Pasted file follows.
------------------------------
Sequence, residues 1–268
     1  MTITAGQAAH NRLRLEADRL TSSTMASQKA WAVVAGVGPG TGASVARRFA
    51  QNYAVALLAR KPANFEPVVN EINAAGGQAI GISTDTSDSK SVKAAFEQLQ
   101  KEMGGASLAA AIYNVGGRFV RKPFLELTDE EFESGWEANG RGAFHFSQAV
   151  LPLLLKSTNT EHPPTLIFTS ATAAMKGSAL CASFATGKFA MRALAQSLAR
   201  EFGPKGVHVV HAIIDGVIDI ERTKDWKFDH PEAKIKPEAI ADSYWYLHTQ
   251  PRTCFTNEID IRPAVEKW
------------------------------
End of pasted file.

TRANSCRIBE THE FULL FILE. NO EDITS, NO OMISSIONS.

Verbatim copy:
Sequence, residues 1–268
     1  MTITAGQAAH NRLRLEADRL TSSTMASQKA WAVVAGVGPG TGASVARRFA
    51  QNYAVALLAR KPANFEPVVN EINAAGGQAI GISTDTSDSK SVKAAFEQLQ
   101  KEMGGASLAA AIYNVGGRFV RKPFLELTDE EFESGWEANG RGAFHFSQAV
   151  LPLLLKSTNT EHPPTLIFTS ATAAMKGSAL CASFATGKFA MRALAQSLAR
   201  EFGPKGVHVV HAIIDGVIDI ERTKDWKFDH PEAKIKPEAI ADSYWYLHTQ
   251  PRTCFTNEID IRPAVEKW